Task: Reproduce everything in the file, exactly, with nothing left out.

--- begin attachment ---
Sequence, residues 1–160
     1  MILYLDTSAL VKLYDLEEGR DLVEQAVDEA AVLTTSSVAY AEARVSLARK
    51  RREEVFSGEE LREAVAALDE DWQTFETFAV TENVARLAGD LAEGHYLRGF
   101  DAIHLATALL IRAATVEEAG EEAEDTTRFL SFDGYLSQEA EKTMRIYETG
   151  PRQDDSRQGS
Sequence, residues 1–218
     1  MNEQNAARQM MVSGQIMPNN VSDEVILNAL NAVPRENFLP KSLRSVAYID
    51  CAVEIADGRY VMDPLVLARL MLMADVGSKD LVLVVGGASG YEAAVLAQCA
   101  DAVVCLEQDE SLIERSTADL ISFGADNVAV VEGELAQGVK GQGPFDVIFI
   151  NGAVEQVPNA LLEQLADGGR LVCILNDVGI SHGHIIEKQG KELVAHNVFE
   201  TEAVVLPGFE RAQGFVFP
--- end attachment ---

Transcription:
Sequence, residues 1–160
     1  MILYLDTSAL VKLYDLEEGR DLVEQAVDEA AVLTTSSVAY AEARVSLARK
    51  RREEVFSGEE LREAVAALDE DWQTFETFAV TENVARLAGD LAEGHYLRGF
   101  DAIHLATALL IRAATVEEAG EEAEDTTRFL SFDGYLSQEA EKTMRIYETG
   151  PRQDDSRQGS
Sequence, residues 1–218
     1  MNEQNAARQM MVSGQIMPNN VSDEVILNAL NAVPRENFLP KSLRSVAYID
    51  CAVEIADGRY VMDPLVLARL MLMADVGSKD LVLVVGGASG YEAAVLAQCA
   101  DAVVCLEQDE SLIERSTADL ISFGADNVAV VEGELAQGVK GQGPFDVIFI
   151  NGAVEQVPNA LLEQLADGGR LVCILNDVGI SHGHIIEKQG KELVAHNVFE
   201  TEAVVLPGFE RAQGFVFP